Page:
Business partners owe each other specific fiduciary duties, such as the duties of loyalty and good faith. This means that they cannot use the business’s property for their personal benefit, promote a competing business, or conceal material facts about the company. Unfortunately, even though business partners are legally required to fulfill these duties, many still fail to do so, which can have devastating consequences for the fate of the partnership as a whole.
Because there is so much at stake for business partners, it is critical for those who are considering forming a business relationship with another person to create a strong partnership. Failing to build a strong partnership can have serious consequences down the road, including dissolution of the business, significant debt, and lengthy legal battles, so if you are interested in the process of business formation, it is important to speak with an experienced business law attorney who can protect your interests.
What are the Elements of a Strong Partnership?
Every partnership is different because each involves unique individuals who bring their own outlook and experiences to the table. However, there are some basic elements common to all successful partnerships. First and foremost, it is critical to carefully consider the choice of partner before entering into any legally binding contracts. Forming a partnership with someone who is not as committed to the enterprise or who has a much different vision for the future of the company can quickly lead to contention and financial difficulties. Other important aspects of a strong partnership include the following:
- Trust, especially in regards to business dealings and relationships with clients;
- Loyalty to the company and its mission;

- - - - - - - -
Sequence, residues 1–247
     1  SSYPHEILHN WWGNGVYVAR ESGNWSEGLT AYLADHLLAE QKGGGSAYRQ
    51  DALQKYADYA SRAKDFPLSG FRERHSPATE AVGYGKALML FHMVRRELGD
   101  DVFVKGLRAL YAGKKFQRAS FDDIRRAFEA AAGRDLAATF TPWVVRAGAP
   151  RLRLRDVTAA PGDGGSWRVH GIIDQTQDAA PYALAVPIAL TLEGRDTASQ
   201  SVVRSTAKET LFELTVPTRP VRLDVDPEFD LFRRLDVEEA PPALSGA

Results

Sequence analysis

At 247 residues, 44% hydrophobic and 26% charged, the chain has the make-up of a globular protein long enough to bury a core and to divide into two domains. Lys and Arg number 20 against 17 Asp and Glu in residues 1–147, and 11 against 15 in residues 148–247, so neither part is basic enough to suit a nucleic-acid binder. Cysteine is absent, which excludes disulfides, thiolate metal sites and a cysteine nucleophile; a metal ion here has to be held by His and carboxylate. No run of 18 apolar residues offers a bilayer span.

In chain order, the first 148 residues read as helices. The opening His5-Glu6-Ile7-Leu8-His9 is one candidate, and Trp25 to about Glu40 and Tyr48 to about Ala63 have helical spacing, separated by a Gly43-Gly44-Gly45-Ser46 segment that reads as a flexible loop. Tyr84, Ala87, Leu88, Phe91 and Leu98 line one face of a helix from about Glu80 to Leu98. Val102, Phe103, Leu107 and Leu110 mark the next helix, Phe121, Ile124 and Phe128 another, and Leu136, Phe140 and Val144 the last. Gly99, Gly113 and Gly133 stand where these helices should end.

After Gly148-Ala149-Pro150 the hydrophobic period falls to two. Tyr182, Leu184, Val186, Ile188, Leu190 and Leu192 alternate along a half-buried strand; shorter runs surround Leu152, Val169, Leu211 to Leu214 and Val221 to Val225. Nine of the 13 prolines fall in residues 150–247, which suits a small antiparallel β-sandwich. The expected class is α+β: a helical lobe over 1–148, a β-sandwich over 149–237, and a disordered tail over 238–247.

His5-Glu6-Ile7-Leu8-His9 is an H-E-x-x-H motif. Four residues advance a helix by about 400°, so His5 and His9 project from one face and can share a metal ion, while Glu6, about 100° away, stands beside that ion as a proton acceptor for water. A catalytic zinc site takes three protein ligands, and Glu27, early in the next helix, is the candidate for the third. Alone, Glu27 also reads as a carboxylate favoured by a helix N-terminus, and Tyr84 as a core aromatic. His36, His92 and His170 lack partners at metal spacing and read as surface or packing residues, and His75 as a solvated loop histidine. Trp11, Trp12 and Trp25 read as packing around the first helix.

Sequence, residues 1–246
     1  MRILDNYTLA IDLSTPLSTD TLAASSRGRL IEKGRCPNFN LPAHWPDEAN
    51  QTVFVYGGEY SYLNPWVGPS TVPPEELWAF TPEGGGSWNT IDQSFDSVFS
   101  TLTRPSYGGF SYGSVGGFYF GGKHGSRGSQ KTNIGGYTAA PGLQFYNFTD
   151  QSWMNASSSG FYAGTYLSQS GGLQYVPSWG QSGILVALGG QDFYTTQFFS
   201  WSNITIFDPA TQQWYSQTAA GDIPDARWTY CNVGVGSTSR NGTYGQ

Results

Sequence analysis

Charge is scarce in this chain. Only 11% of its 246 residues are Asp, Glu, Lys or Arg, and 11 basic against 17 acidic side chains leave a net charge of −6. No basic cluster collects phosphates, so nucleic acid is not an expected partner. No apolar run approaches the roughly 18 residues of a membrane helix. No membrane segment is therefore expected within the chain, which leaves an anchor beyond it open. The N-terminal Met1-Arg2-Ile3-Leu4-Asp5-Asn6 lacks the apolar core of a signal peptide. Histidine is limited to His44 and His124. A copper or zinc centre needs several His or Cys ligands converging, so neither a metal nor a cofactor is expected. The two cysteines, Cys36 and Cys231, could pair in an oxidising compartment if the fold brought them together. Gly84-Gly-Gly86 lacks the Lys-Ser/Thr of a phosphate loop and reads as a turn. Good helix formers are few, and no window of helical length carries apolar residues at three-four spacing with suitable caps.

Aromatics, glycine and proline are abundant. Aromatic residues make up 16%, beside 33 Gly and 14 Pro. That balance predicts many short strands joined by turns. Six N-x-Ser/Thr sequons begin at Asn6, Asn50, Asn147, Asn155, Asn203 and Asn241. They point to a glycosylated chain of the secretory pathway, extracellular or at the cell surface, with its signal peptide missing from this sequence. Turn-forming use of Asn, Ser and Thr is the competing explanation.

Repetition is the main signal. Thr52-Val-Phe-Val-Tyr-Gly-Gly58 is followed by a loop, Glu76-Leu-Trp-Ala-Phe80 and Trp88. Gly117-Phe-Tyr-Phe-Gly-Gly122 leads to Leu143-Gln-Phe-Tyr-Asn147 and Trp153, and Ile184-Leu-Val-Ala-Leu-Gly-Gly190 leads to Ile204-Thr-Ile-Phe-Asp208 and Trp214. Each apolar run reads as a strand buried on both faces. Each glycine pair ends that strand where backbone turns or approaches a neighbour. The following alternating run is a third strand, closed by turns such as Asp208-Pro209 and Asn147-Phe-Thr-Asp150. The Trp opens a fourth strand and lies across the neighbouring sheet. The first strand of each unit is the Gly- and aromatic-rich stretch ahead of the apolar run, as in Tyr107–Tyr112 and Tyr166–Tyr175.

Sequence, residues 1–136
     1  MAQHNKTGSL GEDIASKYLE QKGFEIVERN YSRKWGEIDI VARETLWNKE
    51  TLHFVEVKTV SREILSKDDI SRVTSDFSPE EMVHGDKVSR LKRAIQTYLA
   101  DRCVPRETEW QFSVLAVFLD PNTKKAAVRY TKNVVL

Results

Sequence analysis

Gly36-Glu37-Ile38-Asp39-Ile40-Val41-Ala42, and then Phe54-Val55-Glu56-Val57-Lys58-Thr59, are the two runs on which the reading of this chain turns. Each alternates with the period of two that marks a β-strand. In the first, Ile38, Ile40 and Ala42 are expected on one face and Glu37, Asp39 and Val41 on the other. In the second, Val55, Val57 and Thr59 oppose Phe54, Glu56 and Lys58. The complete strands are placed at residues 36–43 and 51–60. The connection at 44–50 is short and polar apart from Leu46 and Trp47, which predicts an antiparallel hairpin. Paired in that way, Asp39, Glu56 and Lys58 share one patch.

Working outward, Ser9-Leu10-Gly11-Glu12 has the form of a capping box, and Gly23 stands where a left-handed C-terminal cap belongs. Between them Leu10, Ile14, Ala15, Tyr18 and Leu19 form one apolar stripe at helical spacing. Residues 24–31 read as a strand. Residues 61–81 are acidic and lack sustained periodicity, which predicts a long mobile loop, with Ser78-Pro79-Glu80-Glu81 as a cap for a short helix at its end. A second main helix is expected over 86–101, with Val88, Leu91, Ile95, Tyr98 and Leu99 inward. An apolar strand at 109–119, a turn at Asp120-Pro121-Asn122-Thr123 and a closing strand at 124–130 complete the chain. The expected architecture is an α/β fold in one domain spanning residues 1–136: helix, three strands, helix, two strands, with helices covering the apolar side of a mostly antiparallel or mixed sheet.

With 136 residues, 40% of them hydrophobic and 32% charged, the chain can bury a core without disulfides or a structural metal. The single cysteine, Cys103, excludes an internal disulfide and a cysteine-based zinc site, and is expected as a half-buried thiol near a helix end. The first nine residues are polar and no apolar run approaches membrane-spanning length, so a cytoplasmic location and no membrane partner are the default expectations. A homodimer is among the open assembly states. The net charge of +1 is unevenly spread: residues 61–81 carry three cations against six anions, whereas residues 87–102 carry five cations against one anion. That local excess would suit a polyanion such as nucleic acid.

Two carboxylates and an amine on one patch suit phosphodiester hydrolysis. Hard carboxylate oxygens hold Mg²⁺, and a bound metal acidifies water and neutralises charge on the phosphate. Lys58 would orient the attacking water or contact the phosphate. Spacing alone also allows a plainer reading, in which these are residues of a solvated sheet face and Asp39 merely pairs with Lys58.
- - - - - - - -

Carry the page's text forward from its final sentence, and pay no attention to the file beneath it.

- Respect, which includes a willingness to communicate with the other partners;
- Focusing on reaching solutions rather than contention and disagreements;
- Open communication regarding all aspects of the business relationship;
- A willingness to compromise, which is especially important when business partners have creative differences; and
- Honesty, especially in regards to the partners’ visions for the company, business strategy, and overall business plan.
Although these elements may seem obvious, they are the foundation of any successful partnership and a failure to implement them can lead to financial difficulties and legal problems.
What are the Consequences of Failing to Form a Strong Partnership?
Although business partners owe each other certain fiduciary duties, these obligations are often breached. This in turn can lead to conflict that is extremely harmful to a company’s reputation, finances, and growth. Many people assume that all partnership disputes stem from personal conflicts between two or more partners. The reality is that while some partnerships are tested by personal issues between individuals, most partnership disputes are the result of one of the following actions:
- Fraudulent activity;
- One partner’s breach of contract;
- The misappropriation of business opportunities or profits;
- Disagreement about how assets will be divided upon dissolution;
- Lost business opportunities;
- Opposing visions for the future of the company;
- Embezzlement; and
- Interference with a contract for personal gain.
When business partners are involved in disputes over these kinds of issues, they may be required to go through the process of mediation, which saves the parties from having to pay court costs. However, medication can also be extremely time-consuming and leave both parties frustrated and unsatisfied. Eventually, the partners may find that it is in their best interests to dissolve the company, which can be a relatively simple process for those who are on good terms and agree on how assets should be distributed. When there is disagreement about these or other dissolution-related issues, one of the parties may be forced to file a lawsuit in court. While this may eventually resolve the partners’ problems, it also takes the fate of the company out of the hands of the partners themselves. Furthermore, these types of court cases can drag on for years, costing all of the partners time and money.
Schedule a Consultation With an Experienced Florida Business Law Attorney Today
Ultimately, taking certain steps prior to entering into a partnership and ensuring that a partnership remains strong can help avoid costly and stressful problems down the road, so if you are considering entering into a partnership or have already formed one and have questions about the fiduciary duties owed by you or your partner, please contact Clearwater Business Law at (727) 785-5100 to speak with an experienced business law attorney who can evaluate your case and explain your legal options. You can also reach a member of our legal team by sending us a message containing your contact information and a brief description of your case.